Chuck Aoki: Do able-bodied people belong in para-sport?

American wheelchair rugby player Chuck Aoki wants to know what you think about able-bodied people involved in the Paralympic Movement. 16 May 2013 By Chuck Aoki

I think it is important we know the motivations behind an able-bodied person who wants to work with people with an impairment.

What is the place for able-bodied people in para-sports?


I sometimes wonder about this question. Do they belong?


I feel the answer is a resounding yes. The majority of people on earth are not disabled.


So the involvement of able-bodied people is both inevitable but also important and positive.


The question then becomes to what extent should they be involved in para-sports?


Should we limit their involvement to solely support staff roles, such as trip planning, managing equipment, and keeping them away from the actual sport itself? Or should we involve them deeper, into areas such as coaching, and administrating, so that they can make real and potentially lasting impacts on the game itself?


This seems to be at the crux of the discussion, in my mind.


I think it is important we know the motivations behind an able-bodied person who wants to work with people with an impairment.


It would seem important that their motivations are the same as any coach who works with able-bodied athletes.


I spoke with Tracy Chynoweth, the former head wheelchair basketball coach at the University of Wisconsin-Whitewater in the USA, and a former assistant coach for USA’s Paralympic men's wheelchair basketball team about this issue.


Tracy is able-bodied, and he offered an interesting insights into his time as an able-bodied coach working in the disabled world.


One of Tracy's great points he made to me might seem simple, but it is an important one.


He said: “People always asked me if what I did was rewarding … meaning working with people with disabilities. I always told them it’s like any other sport – rewarding when you achieve your goals. It’s rewarding when you win, when kids graduate, when you see student-athletes grow and develop into young men and women.


“It's rewarding, yes … but that has nothing to do with the wheelchair.”


I think Tracy finds the rewards in helping his disabled athletes achieve life goals, as any coach of able-bodied athletes would as well.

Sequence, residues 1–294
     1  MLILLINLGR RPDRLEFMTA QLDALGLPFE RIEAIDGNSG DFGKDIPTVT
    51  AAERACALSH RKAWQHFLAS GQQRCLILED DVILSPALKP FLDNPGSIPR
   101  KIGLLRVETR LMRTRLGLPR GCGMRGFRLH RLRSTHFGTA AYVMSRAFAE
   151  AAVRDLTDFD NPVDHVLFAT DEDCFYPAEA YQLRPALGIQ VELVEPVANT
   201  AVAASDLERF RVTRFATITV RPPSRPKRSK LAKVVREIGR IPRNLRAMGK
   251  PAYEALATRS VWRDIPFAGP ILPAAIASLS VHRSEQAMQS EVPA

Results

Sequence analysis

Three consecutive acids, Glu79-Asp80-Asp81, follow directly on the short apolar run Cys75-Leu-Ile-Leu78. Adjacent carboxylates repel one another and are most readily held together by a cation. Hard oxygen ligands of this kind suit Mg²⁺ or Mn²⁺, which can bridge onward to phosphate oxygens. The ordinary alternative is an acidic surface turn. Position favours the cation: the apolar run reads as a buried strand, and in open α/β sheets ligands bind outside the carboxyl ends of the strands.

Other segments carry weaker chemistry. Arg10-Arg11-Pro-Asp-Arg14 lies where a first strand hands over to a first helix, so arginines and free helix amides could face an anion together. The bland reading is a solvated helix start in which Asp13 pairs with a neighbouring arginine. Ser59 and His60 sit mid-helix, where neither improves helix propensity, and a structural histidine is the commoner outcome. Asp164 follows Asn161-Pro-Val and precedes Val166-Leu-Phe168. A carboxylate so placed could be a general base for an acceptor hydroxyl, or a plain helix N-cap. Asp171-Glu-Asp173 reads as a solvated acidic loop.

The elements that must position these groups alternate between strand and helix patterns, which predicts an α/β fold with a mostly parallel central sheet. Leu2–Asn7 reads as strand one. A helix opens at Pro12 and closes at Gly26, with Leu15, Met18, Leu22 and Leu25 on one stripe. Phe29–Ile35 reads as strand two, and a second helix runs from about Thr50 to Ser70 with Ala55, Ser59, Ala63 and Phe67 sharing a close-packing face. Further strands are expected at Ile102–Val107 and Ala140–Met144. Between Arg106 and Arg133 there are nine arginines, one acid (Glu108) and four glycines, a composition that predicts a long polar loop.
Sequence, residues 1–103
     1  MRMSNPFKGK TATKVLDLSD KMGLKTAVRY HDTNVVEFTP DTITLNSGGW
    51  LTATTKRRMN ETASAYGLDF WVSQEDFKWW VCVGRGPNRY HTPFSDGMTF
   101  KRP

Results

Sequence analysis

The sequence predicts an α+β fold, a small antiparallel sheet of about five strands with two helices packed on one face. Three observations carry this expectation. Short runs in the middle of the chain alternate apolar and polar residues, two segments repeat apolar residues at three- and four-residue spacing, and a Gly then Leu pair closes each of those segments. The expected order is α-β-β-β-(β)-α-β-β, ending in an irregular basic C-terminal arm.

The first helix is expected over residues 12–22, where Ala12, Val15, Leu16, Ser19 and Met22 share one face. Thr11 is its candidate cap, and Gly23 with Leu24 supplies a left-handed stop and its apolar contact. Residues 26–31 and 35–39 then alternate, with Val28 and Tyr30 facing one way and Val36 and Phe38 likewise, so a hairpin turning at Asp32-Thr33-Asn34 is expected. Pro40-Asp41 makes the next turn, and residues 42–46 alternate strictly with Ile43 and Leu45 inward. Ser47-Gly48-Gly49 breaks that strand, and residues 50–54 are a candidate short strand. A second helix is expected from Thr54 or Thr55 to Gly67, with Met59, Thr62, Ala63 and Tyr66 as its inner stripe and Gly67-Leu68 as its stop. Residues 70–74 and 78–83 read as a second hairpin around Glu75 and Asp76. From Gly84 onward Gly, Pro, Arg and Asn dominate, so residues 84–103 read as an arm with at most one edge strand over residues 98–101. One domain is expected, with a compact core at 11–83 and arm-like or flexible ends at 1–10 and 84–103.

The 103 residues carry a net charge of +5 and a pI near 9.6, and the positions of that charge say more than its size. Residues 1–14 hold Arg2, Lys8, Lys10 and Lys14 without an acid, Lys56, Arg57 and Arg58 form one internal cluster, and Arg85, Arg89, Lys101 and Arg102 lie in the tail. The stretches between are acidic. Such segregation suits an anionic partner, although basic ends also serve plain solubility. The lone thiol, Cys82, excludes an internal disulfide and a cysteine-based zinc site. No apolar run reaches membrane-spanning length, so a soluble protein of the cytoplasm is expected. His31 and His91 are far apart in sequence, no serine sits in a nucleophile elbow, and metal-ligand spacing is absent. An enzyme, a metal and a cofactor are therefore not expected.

He doesn't see the chair, so to speak.

I would describe this approach as being aware of someone's disability, but not allowing it to define your interactions with them.


Mandy Goff, team manager of the US Paralympic wheelchair rugby team echoed Tracy's sentiments.


When I asked Mandy what advice she would give to an able-bodied person about to enter disabled athletics, she said: “When working with individuals with disabilities ... give (them) all their independence and don’t assume that they need help until they ask for it.”


I personally think that if able-bodied people can embrace Tracy and Mandy's lessons, on how they can best interact with para-athletes, then they can go as far as they want to in Paralympic sports.


If able-bodied people are willing to commit to the success of their athletes the way Tracy and Mandy have, there is no reason why they cannot become crucial members of para-sport.


Wheelchair rugby for example, my sport, had four head coaches who use wheelchairs, and four who did not have any impairment.


I'm certain these coaches embrace the values Tracy and Mandy possess, and I do know most of them, so I feel confident in this assertion.


The top three teams were all coached by wheelchair users, however.


Coincidence? Or not?


What do you think?


Can able-bodied coaches be as successful as disabled coaches in para-sport?


Feel free to continue the conversation on Facebook or Twitter!

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